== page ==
Riding safely in style: Motorcyclists share their precautions when taking road

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Caitlyn Richey

In Texas, all riders 20 and younger need a helmet. Graphic Designer Caitlyn Richey designed this infographic after researching motorcycle laws. “Typically helmets are one of the No. 1 things that people notice because that is what makes you a human on the bike,” counselor and rider Bobby Storey said. “White helmets and yellow helmets, people tend to recognize.”

Reading Time: 8 minutes

 

In the sea of high school experiences, a counselor and a student have found something in common: their love for motorcycles. Motorcycles have always been a big part of counselor Bobby Storey’s life growing up. During his adolescent years, his father always wanted a motorcycle, and during Storey’s junior year of high school, his father finally did get one. Similar to Storey, Dawson Svoboda has ridden dirt bikes and motorcycles with his dad since he was 3 years old.

 

Emotion: Personal connection that comes with riding motorcycles

Bobby Storey got his first motorcycle in the spring of 2011.  

 “My dad used to ride motorcycles and race them out in the desert in California while he was growing up,” Storey said. “He was always talking about getting a motorcycle all through my elementary and all through my middle school, and finally, when I was a junior in high school, he bought (one).”

In Texas, all riders 20 and younger need a helmet. Graphic Designer Caitlyn Richey designed this infographic after researching motorcycle laws. “Typically helmets are one of the No. 1 things that people notice because that is what makes you a human on the bike,” counselor and rider Bobby Storey said. “White helmets and yellow helmets, people tend to recognize.” (Caitlyn Richey).

Motorcycles are special to Mr. Storey because of the strong family connection.

“(My dad) is a really safe guy, and he’s the one that told me all of these different stats about the helmet and the lights,” Storey said. “(He taught me) the smartest way to protect yourself while still having a lot of fun.”

Sophomore Dawson Svoboda said the reason he got into riding motorcycles was to earn his motorcycle license so that he can ride with his dad.

First, I had to get my driver’s license. Then from there, I had to take a bunch of tests to get it,” Svoboda said. “It costs about well over $300 to get it, but it was all worth it in the end because no one ever gave me the hassle about getting the motorcycle or driving on the street or anything like that because on the license plate is a number, and that number signifies that you are that age and that standard.”

Drivers safety: How drivers can be safe around motorcyclists

Drivers can create a safer environment on the roads for both motorcycles and other vehicles. Some of the actions drivers can take that could keep others themselves and other motorists safe include not slamming on the breaks, using a turn signal, and generally being more considerate of other people on the road. 

“When you are on the bike you are hyper-aware of the stuff that is going on around you,” Storey said. “Like when the wind is pushing you, and depending on how fast you are going, you might be stuck in their air turbulence, and so the best things are using your signal and recognizing that, ‘yes, the bike is probably trying’ to get around you. Lane-splitting is illegal in Texas, generally being aware and not freaking out, like ‘yes, that bright light is annoying, but this person probably wants to get around me.’”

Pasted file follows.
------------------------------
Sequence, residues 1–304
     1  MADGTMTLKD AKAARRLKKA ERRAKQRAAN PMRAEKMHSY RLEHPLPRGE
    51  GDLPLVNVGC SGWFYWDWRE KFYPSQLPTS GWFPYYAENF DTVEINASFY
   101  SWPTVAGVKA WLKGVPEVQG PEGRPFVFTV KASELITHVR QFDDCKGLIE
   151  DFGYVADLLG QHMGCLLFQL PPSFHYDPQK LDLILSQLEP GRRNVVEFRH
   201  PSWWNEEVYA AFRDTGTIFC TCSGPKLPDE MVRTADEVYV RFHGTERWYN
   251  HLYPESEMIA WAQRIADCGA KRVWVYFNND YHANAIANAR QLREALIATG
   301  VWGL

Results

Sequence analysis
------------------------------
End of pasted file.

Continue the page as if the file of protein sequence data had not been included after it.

Bobby Storey test rides his motorcycle through the parking lot outside the cafeteria. “I wish I would’ve known just a little bit more about how alluring the power is of being able to go really fast, really quick,” Storey said. “I think that probably would’ve gotten me into it a lot sooner.” Storey is a counselor at Prosper High School. (Caitlyn Kennedy)

According to Storey, being aware that motorcyclists are there and treating them as if they are not a biker — but a person — makes everyone on the road safer.

“So maintaining your speed and acting as if the bike isn’t even there because it’s not like a wasp flying into a room where you’re like ‘ahh get it out,’” Storey said. “But it does trigger those like, flight or fight fears because it is a motorcyclist, and they are unpredictable.”

According to Storey, driving motorcycles have changed the way that he drives cars.

“I’ve become more cautious and very defensive when I’m driving,” Storey said. “I’ll look, and if they don’t have very dark-tinted windows, I look to see where their head is looking and what their eyes are doing. I’ll look to see if their wheels have started rolling forward a little bit and then they stop, which means they’re thinking, which means that they’re probably going to pull out in front of you at the last second.”

Motorcyclists are required to do all they can to be safe, but Svoboda said does have a simple piece of advice for all drivers. 

“Pay attention,” Dawson Svoboda said. “I had this one occasion where this driver wasn’t paying attention, and he almost hit me.”

Physics: The science behind a motorcycle myth

“The adage ‘loud pipes save lives’ is pretty popular,” physics teacher Brad Stevenson said.  “But, there are two main things, physics-based, that get in the way of that.”

Bobby Storey puts on his protective gear in order to ride his motorcycle. Storey recommended that this article should be written to promote motorcycle safety. “There’s a lot of really cool gear out there,” Storey said. “(Don’t be) afraid of going on to the Facebook market page or Craigslist to buy a second-hand jacket or a second-hand pair of pants.” (Caitlyn Kennedy) 

First, tailpipes direct noise backward. 

“The noise is pulling away from the people it is trying to warn,” Stevenson said. “So, drivers can’t really hear the bulk of the motorcycle’s noise until the motorcycle passes.”